By Emily Williams-Robertshaw
Over the summer, Hoover High School sophomores Shaams Nur and twin brothers Leo and Victor Song hosted HooverCodes, the first iteration of what is now HooverCamp.
The three close friends came up with the idea in the fall of 2019 during their freshman year while eating lunch. They remember the conversation down to the snacks they consumed – crispito bites and Oreos.
Nur recalled asking his friends, “What was that website we used to build our own games with back in elementary school?” He was evoking memories of their time using Scratch, a free, online programming language geared toward young kids that allowed them to create interactive stories, games and animations.
Leo mentioned that he still used the application on occasion.
Together, the three friends came up with plans for a coding camp in which they could teach younger students how to have as much fun coding as they had. Showcasing a little of the entrepreneurial spirit they now teach, they decided parents might even pay for the service.
According to Nur, the mission of HooverCamp is to “stimulate kids’ creative juices and open their eyes to unique career paths through personal projects.”
More than 40 kids ages 8-12 participated in the summer camp, in which the three students-turned-instructors taught the basics of coding through Scratch.
“In our experience, modern public education doesn’t allow us to practice divergent thinking and forces us to repeatedly learn the same thing with little room for creativity,” Nur said.
According to the three founders, HooverCamp is unlike many other entrepreneurial coding classes out there because it is founded by teenagers. They find that they are able to tap into a level of understanding that adults just can’t. They know what drives kids as well as what they want from their learning environment.
After seeing great results from the summer camp, the boys decided to expand and host a winter program. HooverCamp now offers not only HooverCodes coding classes, but a higher level HooverEntrepreneurs, which offers lessons in entrepreneurship, another area that isn’t focused on in school curriculums.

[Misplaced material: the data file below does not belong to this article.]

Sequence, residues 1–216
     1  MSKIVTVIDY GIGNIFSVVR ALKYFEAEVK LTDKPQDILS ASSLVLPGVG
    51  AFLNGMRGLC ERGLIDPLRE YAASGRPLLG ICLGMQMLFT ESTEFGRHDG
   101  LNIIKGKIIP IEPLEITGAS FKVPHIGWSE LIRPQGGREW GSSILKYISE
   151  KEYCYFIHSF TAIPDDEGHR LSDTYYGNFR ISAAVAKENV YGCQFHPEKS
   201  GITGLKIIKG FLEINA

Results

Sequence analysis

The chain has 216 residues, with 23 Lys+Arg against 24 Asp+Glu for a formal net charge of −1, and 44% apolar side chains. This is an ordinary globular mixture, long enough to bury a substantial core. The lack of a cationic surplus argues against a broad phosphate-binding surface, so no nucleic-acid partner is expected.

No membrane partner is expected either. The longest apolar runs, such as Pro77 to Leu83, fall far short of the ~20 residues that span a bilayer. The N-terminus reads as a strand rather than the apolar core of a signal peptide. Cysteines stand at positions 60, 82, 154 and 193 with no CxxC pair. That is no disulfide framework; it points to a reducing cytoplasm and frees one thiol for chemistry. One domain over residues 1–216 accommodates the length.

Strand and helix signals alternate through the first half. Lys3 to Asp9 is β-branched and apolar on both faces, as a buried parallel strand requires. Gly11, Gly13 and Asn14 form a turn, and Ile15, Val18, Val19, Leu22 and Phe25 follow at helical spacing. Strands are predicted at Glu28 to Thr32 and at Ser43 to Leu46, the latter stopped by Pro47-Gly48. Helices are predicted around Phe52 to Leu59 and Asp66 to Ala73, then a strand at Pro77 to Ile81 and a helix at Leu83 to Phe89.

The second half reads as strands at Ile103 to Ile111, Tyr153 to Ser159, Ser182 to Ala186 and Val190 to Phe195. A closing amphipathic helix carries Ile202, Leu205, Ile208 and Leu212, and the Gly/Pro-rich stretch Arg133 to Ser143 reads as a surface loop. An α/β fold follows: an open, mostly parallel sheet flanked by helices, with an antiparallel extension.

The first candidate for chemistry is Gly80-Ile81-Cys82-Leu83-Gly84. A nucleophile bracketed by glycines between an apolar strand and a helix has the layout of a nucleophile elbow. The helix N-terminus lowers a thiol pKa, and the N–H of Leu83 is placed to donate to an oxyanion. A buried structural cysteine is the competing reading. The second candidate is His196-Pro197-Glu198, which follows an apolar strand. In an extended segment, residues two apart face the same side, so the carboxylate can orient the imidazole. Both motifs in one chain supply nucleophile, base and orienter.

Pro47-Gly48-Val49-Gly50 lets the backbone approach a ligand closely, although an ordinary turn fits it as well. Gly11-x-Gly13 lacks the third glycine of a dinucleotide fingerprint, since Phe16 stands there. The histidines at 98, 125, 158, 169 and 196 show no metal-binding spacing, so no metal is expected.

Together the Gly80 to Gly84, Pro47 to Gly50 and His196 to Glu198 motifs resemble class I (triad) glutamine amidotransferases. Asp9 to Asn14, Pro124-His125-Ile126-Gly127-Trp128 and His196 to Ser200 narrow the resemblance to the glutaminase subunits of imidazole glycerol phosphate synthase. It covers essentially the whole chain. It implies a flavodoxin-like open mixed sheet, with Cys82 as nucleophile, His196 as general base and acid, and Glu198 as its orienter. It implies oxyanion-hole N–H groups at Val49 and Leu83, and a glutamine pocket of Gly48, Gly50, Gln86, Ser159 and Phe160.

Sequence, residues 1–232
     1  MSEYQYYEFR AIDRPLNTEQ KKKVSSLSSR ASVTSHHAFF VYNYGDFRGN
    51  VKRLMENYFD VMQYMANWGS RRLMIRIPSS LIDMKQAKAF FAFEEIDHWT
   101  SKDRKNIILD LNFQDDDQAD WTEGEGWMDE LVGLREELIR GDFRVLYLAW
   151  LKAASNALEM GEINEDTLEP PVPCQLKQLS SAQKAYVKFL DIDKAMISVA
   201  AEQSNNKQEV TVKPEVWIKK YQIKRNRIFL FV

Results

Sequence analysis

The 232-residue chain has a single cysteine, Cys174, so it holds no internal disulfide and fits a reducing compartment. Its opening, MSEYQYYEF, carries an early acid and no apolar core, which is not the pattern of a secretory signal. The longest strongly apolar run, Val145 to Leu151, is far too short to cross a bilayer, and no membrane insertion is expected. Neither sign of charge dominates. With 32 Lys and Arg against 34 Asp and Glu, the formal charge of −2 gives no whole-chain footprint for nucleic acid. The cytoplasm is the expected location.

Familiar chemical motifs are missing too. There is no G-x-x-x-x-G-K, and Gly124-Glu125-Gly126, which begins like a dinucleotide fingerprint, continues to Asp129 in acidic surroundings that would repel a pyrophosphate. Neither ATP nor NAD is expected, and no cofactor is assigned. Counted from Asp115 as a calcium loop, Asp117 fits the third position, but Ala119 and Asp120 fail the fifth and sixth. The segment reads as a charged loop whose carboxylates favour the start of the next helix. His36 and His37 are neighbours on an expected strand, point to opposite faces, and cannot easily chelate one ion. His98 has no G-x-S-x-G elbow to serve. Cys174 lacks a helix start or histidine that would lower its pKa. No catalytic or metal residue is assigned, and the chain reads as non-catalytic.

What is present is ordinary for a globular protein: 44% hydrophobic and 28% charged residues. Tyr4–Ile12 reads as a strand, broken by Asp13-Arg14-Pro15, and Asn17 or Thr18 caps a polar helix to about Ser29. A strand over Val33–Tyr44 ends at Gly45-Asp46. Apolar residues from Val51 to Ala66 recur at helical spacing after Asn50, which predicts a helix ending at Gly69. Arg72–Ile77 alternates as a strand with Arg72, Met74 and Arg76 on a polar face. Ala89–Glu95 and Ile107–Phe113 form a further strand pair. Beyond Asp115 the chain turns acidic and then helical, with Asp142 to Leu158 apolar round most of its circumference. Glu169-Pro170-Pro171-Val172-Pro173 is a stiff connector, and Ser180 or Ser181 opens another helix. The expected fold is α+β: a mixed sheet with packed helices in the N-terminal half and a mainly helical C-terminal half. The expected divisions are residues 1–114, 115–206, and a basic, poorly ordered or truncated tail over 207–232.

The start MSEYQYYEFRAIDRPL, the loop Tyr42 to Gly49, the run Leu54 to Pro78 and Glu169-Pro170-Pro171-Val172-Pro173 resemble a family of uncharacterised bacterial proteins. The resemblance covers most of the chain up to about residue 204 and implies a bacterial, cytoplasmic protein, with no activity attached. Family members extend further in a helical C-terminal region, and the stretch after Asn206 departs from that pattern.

While hosting the first two installments of the camp, Nur said, he and his partners have thoroughly enjoyed taking on the role of instructor.
“It feels really great watching kids learn and progress, especially knowing that we fostered their education,” Nur said.
Some of the works that their students have created have been inspiring. One of the summer students, Sara, sticks out in Nur’s mind.
The students decided they wanted to create projects honoring George Floyd and the social movement his death inspired.
Sara created an animation, “Love Knows No Colors!”, that depicted four young girls of different ethnicities and, in the background, Sara played a song that she wrote.
“The most remarkable part isn’t that she designed the animation in four to five days,” he said, “it’s how she expressed her creativity and combined it with her own (sense of justice).”
“Her project also revealed to us the true potential of HooverCamp and how it’s not just another run-of-the-mill camp,” he said. “This can be a big thing in our community.”
After two successful seasons, Nur and the Song brothers are looking forward to the summer, with camp dates to be announced.
The price of each course is $60, but students can sign up for both for a total of $100. The camp also offers opportunities for financial aid.
“We plan on using half our profits to purchase laptops and donate them to libraries and schools around Birmingham,” Nur said.
Money raised is put back into the program, used to fund prizes for the students and used to pay for service subscriptions needed to conduct the camp, such as website fees and a Zoom subscription.
For more information, visit hoovercamp.com.